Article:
In Brief

Inclusive Britain: a new strategy for tackling racism in the UK

Government has revealed action plan setting out 74 steps that ministers will take

Last year, the Commission on Race and Ethnic Disparities concluded that Britain had made major advances in narrowing racial inequalities. It found that, although “impediments and disparities do exist, they are varied, and ironically very few of them are directly to do with racism”, as opposed to class and family background. For this, it was denounced by campaigners who prefer to depict Britain as an institutionally racist “dystopia”, said The Times.

Last week, the Government published its own response to the commission, Inclusive Britain, “which wisely replicates the practical ethos of the report itself”. It sets out 74 separate steps that ministers will take, such as: scrutinising the use of police stop and search powers; reducing the number of young black men sent to prison for drug offences; creating a body to measure racial health disparities; and revamping the history curriculum. These initiatives promise to do far more good than airing general grievances about structural racism, “micro-aggressions and white privilege”. Society will be all the better for it.

Of course, multicultural Britain has made many advances, and it’s not just race that determines people’s life chances, said The Guardian. “But minimising racism will not make it go away.” Consider the case, reported last week, of “a grotesquely inappropriate strip search” carried out by police on a 15-year-old black girl in east London. Because she allegedly smelt of cannabis, she was intimately searched by officers, without parental consent or the presence of a teacher. An official investigation found that racism was likely to have been an “influencing factor” in her treatment.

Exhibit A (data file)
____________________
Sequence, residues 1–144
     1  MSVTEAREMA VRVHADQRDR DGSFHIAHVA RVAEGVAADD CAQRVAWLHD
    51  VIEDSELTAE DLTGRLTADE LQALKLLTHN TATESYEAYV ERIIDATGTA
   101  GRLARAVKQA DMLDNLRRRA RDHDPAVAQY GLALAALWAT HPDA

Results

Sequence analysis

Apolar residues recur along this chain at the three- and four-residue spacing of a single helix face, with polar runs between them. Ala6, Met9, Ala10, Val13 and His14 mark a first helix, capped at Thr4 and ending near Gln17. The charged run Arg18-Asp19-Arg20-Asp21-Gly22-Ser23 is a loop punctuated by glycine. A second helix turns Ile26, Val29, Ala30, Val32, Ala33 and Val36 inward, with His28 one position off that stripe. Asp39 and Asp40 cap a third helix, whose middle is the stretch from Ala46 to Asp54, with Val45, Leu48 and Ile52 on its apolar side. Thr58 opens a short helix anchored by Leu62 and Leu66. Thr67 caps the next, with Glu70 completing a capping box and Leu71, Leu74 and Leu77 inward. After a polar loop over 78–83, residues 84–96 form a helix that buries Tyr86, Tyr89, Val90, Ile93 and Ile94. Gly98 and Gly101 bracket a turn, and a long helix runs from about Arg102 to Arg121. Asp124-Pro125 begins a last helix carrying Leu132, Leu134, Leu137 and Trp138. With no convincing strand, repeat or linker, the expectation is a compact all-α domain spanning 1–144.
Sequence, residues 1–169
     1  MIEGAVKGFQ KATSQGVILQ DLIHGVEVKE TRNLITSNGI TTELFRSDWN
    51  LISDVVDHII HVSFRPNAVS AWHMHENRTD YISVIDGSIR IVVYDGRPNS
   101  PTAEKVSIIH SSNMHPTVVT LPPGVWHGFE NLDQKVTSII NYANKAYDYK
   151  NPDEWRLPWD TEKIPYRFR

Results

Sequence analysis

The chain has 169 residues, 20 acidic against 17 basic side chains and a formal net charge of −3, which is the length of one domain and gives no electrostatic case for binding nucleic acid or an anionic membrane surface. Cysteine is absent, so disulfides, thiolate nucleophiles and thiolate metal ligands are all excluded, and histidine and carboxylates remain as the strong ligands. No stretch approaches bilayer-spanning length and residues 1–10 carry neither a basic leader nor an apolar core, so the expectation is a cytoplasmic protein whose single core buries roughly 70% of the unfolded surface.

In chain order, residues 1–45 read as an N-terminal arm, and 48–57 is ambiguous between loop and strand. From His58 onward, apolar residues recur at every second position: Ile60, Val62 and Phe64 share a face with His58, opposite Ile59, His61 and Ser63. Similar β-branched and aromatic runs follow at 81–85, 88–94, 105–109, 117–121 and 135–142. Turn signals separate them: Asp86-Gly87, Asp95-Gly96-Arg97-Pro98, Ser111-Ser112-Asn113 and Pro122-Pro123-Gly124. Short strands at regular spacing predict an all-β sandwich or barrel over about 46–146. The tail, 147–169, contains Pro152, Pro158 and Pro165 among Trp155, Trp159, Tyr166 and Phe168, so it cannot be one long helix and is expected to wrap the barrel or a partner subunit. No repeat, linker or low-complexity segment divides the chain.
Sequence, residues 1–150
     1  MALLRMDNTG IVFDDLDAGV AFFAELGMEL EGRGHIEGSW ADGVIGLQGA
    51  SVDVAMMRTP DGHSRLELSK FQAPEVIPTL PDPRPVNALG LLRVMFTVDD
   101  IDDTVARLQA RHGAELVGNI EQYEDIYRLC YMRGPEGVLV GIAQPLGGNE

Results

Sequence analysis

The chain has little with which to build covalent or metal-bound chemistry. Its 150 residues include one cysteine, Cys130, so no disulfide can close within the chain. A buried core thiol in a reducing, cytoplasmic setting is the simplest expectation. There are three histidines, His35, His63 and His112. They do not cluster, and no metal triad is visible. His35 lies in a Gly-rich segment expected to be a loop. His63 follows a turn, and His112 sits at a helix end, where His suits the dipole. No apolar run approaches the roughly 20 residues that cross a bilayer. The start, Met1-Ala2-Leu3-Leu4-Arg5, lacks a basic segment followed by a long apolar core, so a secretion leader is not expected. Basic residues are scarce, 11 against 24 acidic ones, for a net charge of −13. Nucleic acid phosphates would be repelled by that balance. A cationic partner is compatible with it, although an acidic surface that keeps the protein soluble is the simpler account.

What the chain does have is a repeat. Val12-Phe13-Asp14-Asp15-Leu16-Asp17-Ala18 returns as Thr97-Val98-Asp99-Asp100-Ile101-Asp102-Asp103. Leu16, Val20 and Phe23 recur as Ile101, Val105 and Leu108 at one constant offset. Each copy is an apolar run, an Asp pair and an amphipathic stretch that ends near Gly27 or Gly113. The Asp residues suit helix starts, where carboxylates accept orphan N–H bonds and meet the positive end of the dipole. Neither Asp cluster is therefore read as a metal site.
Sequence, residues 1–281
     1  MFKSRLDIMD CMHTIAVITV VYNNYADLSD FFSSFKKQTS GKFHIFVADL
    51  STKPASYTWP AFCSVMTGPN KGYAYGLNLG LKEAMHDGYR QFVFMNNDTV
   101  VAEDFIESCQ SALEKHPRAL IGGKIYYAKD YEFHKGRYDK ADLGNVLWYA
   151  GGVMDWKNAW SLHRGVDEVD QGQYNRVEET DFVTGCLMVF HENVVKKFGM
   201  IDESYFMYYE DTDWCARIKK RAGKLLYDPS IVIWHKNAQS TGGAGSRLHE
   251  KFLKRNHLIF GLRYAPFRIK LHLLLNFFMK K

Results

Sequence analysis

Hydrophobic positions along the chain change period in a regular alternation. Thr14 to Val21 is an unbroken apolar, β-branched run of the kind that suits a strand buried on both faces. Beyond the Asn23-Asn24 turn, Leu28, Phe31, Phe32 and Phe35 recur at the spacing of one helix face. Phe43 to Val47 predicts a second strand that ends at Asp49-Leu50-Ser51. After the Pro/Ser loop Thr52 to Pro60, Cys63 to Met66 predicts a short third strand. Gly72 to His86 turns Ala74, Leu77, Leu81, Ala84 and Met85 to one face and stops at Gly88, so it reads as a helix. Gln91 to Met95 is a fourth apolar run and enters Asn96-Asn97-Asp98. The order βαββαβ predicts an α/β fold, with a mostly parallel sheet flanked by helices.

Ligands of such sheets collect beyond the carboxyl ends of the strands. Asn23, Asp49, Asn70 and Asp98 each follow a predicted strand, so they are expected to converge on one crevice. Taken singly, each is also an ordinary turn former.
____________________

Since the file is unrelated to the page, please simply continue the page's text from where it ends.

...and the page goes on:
The case is a reminder of the wealth of evidence that people from ethnic minorities are treated differently by Britain’s authorities. By failing to acknowledge this, Inclusive Britain has missed a chance to expose how racism operates in organisations such as the police and the Home Office. And while many of the measures it proposes are sensible, it provides very little funding; “warm words” won’t reduce inequality.

That’s unfair, said Sunder Katwala on CapX. The commission’s original report may have been flawed, but the Inclusive Britain strategy is more “consensual”. It accepts that many institutions need to change: that the police need to reflect the public they serve in terms of ethnic diversity, for instance.

The action plan is also right to focus on specific problems affecting specific groups: it mandates the scrapping of the unhelpful generalised acronym BAME (black, Asian and minority ethnic). All in all, the plan offers the chance to have “a more constructive conversation about the state of the nation on race and, especially, what can be done about it”.

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